Alex has a petition up on Koodo’s website asking them to reconsider, but we’re doubtful they will. Rogers’ is not well-known for responding to customer desires for better, more cost-effective service.

Telus’ Koodo Bills Mentally Disadvantaged Teen $8,243 in Texting Charges

Phillip Dampier May 8, 2012 Canada, Consumer News, Telus, Video, Wireless Broadband Comments Off on Telus’ Koodo Bills Mentally Disadvantaged Teen $8,243 in Texting Charges

Maybe not

Telus Corporation’s no-contract cell phone subsidiary Koodo billed a mentally disadvantaged Vancouver-area teen $8,000 in “premium texting” charges it claims are supposed to be capped at $500 a month.

Nineteen year-old Brandon Kobza, born with fetal alcohol syndrome and other disabilities, found himself in the hole with Koodo after signing up for a text-dating service that costs up to $2 per message.

Kobza obtained his Koodo cell phone with the help of Ben Woodman, a Burnaby church youth worker, who ended up putting the phone in his name with the understanding there would be strict limits on the account.  Kobza earns just $900 a month, mostly from social welfare benefits for the physically and mentally challenged.

“I said, ‘You know I don’t want any data or extra charges’ and Koodo said, ‘We can block that.’ I made sure he had unlimited texts,” Woodman told CBC News. “I put a lot of faith in Koodo. I’m asking the representative ‘What can go wrong ? Can I get charged for anything else?’ And they said nothing about premium texts.”

Kobza learned about a text-based dating company from a friend who claimed it would allow him to meet girls, and one named “Katya” promptly began text flirting with him several times a day… at $2 a message.

Kobza never got to meet Katya, if she actually existed, but a month and half of virtual dating turned out to be mighty expensive.  By the time Woodman had the premium text messages cut off, Kobza had managed to exchange more than 4,100 text messages for $8,243.  The actual cost to Telus to deliver that number of text messages runs in the pennies.

The first of two Koodo bills

Woodman canceled the phone and requested a refund, but Koodo initially refused, offering an 80% discount instead.  But Koodo’s own policies are supposed to limit premium texting fees to $500 a month, in part to deal with the explosive number of complaints from customers about unjustified or misunderstood premium text charges.  In Kobza’s case, youtext.com apparently ignored Koodo’s rules for third party vendors and kept the charges coming.

After Woodman and Kobza got nowhere with Koodo, both decided to go public and contact CBC News, who promptly found the telecom “Pass the Buck ‘n Blame“-game in full force.

Koodo customer service representatives and kiosk employees both disassociated themselves with premium texting, claiming the cell phone company considers the vendors a nuisance because of complaints from customers. Representatives even denied Koodo takes a cut of the proceeds, which turned out to be untrue.  They referred customers back to youtext.com who promptly sends complainers back to the cell phone company.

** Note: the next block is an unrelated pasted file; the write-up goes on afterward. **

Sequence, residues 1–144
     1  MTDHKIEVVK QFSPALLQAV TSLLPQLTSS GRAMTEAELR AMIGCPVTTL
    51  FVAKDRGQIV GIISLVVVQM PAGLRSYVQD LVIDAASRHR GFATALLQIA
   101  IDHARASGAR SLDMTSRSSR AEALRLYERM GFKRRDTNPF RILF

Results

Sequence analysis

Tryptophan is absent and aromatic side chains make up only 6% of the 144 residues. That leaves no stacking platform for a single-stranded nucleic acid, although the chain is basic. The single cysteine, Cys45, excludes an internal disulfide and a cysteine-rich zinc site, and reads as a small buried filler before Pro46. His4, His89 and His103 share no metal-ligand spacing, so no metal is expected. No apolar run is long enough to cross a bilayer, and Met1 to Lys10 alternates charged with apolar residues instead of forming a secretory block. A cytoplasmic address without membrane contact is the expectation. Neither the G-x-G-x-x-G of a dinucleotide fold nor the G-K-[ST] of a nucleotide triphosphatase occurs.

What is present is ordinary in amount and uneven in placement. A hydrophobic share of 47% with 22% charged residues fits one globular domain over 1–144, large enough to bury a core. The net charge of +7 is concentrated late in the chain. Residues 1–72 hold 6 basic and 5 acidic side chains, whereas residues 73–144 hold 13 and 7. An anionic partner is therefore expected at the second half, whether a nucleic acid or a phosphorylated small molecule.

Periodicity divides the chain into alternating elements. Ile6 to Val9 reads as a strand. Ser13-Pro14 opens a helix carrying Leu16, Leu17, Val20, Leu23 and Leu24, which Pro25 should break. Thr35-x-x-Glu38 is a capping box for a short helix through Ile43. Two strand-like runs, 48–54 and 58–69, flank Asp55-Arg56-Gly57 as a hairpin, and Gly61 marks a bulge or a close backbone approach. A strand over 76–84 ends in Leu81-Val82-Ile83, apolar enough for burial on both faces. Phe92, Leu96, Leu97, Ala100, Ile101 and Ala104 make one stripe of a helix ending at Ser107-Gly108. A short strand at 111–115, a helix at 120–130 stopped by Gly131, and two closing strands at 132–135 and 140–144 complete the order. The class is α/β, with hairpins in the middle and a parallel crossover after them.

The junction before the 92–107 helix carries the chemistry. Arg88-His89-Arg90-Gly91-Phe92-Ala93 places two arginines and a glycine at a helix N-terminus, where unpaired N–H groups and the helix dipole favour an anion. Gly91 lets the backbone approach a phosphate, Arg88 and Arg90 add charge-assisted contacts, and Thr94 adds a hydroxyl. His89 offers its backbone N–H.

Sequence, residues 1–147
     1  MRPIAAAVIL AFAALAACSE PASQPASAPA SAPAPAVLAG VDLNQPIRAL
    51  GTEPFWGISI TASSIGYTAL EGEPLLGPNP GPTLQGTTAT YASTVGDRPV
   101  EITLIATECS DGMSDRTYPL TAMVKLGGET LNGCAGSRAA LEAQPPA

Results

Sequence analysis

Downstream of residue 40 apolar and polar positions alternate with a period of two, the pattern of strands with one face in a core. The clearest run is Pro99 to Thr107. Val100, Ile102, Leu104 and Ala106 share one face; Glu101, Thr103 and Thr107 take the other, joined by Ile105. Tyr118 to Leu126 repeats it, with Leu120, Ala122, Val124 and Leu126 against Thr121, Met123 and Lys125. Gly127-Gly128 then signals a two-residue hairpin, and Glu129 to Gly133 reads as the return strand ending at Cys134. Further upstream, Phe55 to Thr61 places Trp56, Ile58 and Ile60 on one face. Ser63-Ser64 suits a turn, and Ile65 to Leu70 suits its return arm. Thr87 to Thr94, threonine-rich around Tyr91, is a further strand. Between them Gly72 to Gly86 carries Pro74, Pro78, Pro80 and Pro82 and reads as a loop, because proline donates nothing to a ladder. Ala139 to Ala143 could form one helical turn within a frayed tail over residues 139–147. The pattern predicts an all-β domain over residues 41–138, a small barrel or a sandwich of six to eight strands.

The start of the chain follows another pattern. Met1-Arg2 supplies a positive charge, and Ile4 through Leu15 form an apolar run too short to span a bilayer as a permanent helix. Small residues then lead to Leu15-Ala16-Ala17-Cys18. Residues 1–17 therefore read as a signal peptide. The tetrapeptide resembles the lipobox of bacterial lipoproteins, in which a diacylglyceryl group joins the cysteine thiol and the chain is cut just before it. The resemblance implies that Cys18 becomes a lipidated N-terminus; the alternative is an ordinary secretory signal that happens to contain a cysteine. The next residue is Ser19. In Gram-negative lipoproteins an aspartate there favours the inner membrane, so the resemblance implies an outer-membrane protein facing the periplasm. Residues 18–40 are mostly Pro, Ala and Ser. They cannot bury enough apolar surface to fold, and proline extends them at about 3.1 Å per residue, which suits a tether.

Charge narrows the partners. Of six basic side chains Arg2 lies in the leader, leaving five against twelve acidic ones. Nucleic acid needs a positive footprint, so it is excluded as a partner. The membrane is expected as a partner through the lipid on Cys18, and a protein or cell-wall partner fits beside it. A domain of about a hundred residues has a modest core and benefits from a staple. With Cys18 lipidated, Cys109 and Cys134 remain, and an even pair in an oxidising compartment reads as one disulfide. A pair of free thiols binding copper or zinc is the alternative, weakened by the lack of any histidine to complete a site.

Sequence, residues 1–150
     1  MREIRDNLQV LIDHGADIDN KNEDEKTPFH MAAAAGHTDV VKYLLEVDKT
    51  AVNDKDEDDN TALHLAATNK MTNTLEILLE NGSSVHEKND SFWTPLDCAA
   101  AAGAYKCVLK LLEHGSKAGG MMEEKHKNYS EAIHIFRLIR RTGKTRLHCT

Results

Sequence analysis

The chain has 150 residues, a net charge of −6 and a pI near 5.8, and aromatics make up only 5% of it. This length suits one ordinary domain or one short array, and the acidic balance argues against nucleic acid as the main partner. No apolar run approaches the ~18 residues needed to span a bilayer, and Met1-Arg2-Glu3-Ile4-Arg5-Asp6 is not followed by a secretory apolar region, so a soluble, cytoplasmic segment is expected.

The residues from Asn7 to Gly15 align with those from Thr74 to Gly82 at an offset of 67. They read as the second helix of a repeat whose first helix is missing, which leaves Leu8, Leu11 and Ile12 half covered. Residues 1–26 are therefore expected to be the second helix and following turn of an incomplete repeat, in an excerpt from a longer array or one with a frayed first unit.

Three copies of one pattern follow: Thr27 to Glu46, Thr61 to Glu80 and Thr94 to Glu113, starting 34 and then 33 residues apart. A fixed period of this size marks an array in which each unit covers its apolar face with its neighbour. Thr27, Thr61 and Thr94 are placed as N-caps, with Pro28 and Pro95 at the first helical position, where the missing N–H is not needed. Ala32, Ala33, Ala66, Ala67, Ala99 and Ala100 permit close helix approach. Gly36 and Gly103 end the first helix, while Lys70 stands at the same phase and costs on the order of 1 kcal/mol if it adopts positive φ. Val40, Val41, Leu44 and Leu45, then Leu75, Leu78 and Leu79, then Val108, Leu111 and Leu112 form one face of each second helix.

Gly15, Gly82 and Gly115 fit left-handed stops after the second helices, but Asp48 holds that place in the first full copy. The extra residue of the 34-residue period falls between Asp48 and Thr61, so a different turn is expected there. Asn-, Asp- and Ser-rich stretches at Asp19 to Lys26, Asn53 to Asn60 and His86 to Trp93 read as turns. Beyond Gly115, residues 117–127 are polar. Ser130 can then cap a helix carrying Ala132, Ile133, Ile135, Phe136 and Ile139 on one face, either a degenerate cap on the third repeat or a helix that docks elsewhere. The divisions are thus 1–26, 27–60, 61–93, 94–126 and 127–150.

The mysterious "Katya" Kobza paid $2 for every virtual text "date"

Premium texting charges are often unwittingly incurred by customers who enter their mobile number on unfamiliar websites or advertisements for things like dating services or “joke of the day” messages.  Only in the fine print, when disclosed, do consumers learn these texts can run several dollars each, and many only find out when the first bill arrives.

Youtext does send reminder text messages warning customers that charges are incurred for their services, but Woodman said Kobza simply didn’t comprehend what they meant.

Neither do many other Canadians, who file hundreds of complaints a year against premium texting services with the commissioner for complaints for telecom services.

Regulators say phone companies do earn a percentage of every premium text message billed, and with companies acting as both billing agent and collector, they have a vested interest in the profits reaped when customers pay their bills. That makes waivers for bill shock incidents more difficult than they should be, consumer advocates complain.

A Koodo spokesperson told CBC News the texting charges should have been forgiven immediately, and in full.  After CBC News got involved, the charges were removed from Woodman’s bill altogether.

Consumer advocates say Canadian cell phone companies should allow consumers to automatically block all premium text messaging services.  Currently, Rogers Communications is the only provider that uniformly provides this service.  Koodo says it is working on a premium text message blocker for its customers, and has been in touch with youtext.com regarding its violation of Koodo’s $500 limit on premium texting charges.

In the meantime, consumers should avoid entering their mobile numbers on websites for any advertised services, especially for ringtones, voicemail services, conference calling, dating, and “information services” automatically sent to your phone. Most of these services come at premium prices, billed by your cell phone company.

[flv width=”640″ height=”380″]http://www.phillipdampier.com/video/CBC Disabled teen incurs 8000 texting bill 5-7-12.flv[/flv]

CBC News in British Columbia intervened to help a mentally-disadvantaged teenager find a solution to more than $8,000 in texting charges that should have never been billed.  (2 minutes)